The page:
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      Around him was gathered the company in a petulant state of mind.

      Si, Shorty and the rest would make their weary way to the point indicated, about a half-mile distant, only to find that their regiment had been sighted at another point a mile away in a different direction.

      Flying close to three thousand feet above Oyster Bay, level and stable, the airplane seemed to be in perfect condition.

      "Let me fill your pipe up again. Madam, with something very choice," said he, pulling out a plug of bright natural leaf. "Here's some terbacker the like o' which you never see in all your born days. It was raised from seed stole from the private stock of the High-muk-a-muk o' Turkey, brung acrost the ocean in a silver terbacker box for the use o' President Buchanan, and planted in the new o' the moon on a piece o' ground that never before had raised nothin' but roses and sweet-williams. My oldest brother, who is a Senator from Oshkosh, got just one plug of it, which he divided with me."


      Thus with Plutarch, as with his master Plato, a future world is the grand court of appeal from the anomalies and inequalities of this world; and, following the example of the Gorgias and the Republic, he reserves to the last a terrible picture of the torments held in store for those who have not expiated their transgressions on earth, describing them as they are supposed to have been witnessed by a human soul temporarily separated from the body for the purpose of viewing and reporting on this final manifestation of divine justice. It would appear, however, from the narrative in question that future punishments are not eternal. After a more or less protracted period of expiation, the immortal soul is restored to the upper world, under whatever embodiment seems most appropriate to its former career. Among those whose turn has arrived for entering on a new existence at the moment when Plutarchs visitor makes his descent to hell, is the soul of Nero. The wicked Emperor has just been condemned to assume the form of a viper, when a great light shines forth, and from the midst of the light a voice is heard crying:268 Let him reappear under the guise of a song-bird haunting the neighbourhood of marshes and meres; for he has already paid the penalty of his guilt, and the gods owe him some kindness for having liberated Greece, the best and most beloved by them of all the nations that he ruled.Shutting off the governing valve, Jeff began unscrewing the pipe lines, rejoining lengths of piping until, with a section from the carburetor to give the needed length, he passed over a makeshift path for the wing-tank gas to flow by gravity into their own craft.


      "My partner," echoed Deacon Klegg. "This man's no partner o' mine. I never laid eyes on him till a half-hour ago."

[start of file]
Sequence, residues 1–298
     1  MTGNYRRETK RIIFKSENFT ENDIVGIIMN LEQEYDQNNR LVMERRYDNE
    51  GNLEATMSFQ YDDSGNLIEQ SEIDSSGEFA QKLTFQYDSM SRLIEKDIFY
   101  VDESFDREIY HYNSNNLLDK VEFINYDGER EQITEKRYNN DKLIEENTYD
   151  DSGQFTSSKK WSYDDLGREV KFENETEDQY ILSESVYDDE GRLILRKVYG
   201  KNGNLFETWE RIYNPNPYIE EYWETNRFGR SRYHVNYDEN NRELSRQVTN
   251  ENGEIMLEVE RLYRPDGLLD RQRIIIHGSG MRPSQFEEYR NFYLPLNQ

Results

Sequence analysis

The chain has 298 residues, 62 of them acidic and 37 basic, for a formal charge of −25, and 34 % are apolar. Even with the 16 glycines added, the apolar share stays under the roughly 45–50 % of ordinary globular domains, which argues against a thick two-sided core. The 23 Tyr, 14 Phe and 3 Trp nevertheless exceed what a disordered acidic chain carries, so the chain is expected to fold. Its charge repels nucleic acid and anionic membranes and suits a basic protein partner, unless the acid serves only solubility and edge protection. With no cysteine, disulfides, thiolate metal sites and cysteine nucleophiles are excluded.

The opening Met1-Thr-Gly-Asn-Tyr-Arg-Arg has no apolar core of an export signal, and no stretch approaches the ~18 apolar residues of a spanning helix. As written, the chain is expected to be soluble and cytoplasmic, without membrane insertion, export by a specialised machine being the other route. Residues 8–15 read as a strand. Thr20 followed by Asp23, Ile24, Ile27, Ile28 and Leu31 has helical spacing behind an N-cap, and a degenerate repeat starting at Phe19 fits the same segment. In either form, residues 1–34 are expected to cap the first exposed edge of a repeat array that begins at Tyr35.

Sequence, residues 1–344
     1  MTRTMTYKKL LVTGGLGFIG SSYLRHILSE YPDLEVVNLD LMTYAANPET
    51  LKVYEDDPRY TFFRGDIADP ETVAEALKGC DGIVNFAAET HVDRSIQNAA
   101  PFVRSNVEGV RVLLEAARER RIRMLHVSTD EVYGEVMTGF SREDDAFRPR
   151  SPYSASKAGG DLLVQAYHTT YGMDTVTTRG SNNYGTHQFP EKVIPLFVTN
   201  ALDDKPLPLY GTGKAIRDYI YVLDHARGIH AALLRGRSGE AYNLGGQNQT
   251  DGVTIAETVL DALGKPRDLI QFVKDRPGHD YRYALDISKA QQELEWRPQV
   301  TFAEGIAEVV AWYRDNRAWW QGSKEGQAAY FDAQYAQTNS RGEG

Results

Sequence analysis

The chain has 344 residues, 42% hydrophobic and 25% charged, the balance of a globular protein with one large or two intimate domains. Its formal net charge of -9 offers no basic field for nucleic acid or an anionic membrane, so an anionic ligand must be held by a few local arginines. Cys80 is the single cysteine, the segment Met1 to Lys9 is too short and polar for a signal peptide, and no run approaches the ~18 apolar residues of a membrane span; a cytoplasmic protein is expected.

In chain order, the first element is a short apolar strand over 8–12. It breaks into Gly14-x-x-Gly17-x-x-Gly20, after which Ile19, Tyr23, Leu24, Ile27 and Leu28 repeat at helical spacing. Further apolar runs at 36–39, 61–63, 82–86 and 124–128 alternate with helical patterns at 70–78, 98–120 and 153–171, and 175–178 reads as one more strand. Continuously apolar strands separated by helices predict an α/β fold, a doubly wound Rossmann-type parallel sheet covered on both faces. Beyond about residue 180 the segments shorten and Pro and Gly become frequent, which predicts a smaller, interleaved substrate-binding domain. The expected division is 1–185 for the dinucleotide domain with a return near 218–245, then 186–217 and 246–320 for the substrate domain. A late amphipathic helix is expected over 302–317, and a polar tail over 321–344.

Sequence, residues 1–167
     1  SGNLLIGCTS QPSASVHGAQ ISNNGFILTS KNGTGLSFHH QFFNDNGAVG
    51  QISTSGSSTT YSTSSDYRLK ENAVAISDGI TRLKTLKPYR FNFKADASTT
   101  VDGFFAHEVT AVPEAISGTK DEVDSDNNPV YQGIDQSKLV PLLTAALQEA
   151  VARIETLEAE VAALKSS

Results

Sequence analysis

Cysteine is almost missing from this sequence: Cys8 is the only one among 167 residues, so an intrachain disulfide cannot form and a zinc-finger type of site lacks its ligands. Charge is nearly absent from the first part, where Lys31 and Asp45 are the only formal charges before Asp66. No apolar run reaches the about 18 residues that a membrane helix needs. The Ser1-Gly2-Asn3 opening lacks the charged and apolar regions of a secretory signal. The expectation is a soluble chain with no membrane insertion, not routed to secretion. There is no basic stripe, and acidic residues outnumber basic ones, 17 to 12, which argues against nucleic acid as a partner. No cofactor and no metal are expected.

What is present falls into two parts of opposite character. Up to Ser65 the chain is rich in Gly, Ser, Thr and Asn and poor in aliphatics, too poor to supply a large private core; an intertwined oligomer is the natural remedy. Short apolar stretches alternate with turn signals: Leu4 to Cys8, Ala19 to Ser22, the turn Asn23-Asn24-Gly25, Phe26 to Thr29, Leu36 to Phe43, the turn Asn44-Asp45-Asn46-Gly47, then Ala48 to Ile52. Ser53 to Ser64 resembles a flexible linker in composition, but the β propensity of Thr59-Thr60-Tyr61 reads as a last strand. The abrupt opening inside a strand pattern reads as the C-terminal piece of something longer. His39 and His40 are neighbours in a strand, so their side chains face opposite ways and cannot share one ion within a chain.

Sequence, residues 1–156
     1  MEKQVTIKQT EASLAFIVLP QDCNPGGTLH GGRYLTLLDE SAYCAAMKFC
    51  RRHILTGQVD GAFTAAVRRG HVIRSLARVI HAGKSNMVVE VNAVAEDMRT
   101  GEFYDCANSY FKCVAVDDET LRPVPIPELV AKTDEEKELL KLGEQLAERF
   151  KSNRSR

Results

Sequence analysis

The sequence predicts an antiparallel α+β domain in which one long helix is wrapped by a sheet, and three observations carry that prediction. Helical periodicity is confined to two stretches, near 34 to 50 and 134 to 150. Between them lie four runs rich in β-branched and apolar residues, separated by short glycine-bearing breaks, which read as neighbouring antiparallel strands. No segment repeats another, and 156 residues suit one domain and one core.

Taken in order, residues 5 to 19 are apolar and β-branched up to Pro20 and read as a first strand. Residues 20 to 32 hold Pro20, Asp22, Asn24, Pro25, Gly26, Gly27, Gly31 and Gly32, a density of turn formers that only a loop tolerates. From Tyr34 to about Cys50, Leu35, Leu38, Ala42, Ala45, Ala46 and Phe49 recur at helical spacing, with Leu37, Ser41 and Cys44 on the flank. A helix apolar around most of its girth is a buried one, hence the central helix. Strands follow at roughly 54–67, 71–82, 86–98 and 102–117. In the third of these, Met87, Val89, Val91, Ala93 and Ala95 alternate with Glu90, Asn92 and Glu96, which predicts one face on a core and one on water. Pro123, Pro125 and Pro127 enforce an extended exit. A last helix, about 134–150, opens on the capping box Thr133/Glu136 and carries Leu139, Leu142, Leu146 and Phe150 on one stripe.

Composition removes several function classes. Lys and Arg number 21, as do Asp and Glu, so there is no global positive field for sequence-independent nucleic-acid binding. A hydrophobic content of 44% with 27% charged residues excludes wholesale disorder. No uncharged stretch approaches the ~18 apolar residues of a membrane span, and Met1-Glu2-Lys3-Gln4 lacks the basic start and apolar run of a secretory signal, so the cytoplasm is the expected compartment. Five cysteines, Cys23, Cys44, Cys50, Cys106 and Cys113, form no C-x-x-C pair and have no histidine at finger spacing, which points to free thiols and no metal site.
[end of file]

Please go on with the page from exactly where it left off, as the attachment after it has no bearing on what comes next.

78On passing from Seneca to Epicttus, we find that the religious element has received a considerable accession of strength, so considerable, indeed, that the simple progress of time will not altogether account for it. Something is due to the superior devoutness of the Eastern mindEpicttus was a Phrygian,and still more to the difference in station between the two philosophers. As a noble, Seneca belonged to the class which was naturally most inclined to adopt an independent attitude towards the popular beliefs; as a slave, Epicttus belonged to the class which was naturally most amenable to their authority. It was, however, no accident that philosophy should, at a distance of only a generation, be represented by two such widely contrasted individuals; for the whole tendency of Roman civilisation was, as we have seen, to bring the Oriental element and the servile element of society into ever-increasing prominence. Nothing proves the ascendency of religious considerations in the mind of Epicttus more strongly than his aversion from the physical enquiries which were eagerly prosecuted by Seneca. Nature interests him solely as a manifestation of divine wisdom and goodness. As a consequence of this intensified religious feeling, the Stoic theory of natural law is transformed, with Epicttus, into an expression of filial submission to the divine will, while the Stoic teleology becomes an enumeration of the blessings showered by providence on man. In the latter respect, his standpoint approaches very near to that of Socrates, who, although a free-born Athenian citizen, belonged, like him, to the poorer classes, and sympathised deeply with their feeling of dependence on supernatural protection,a remark which also applies to the humble day-labourer244 Cleanthes. Epicttus also shares the idea, characteristic of the Platonic rather than of the Xenophontic Socrates, that the philosopher is entrusted with a mission from God, without which it would be perilous for him to undertake the office of a teacher, and which, in the discharge of that office, he should keep constantly before his eyes. But the dialectical element which with Socrates had furnished so strong a counterpoise to the authoritative and traditional side of his philosophy, is almost entirely wanting in the discourses of his imitator, and the little of it which he admits is valued only as a means of silencing the Sceptics. On the other hand, the weakness and insignificance of human nature, considered on the individual side, are abundantly illustrated, and contemptuous diminutives are habitually used in speaking of its component parts.378 It would seem that the attitude of prostration before an overwhelming external authority prevented Epicttus from looking very favourably on the doctrine of individual immortality; and even if he accepted that doctrine, which seems in the highest degree improbable, it held a much less important place in his thoughts than in those of Cicero and Seneca. It would seem, also, that the Stoic materialism was betraying its fundamental incompatibility with a hope originally borrowed from the idealism of Plato. Nor was this renunciation inconsistent with the ethical dualism which drew a sharp line of distinction between flesh and spirit in the constitution of man, for the superiority of the spirit arose from its identity with the divine substance into which it was destined to be reabsorbed after death.379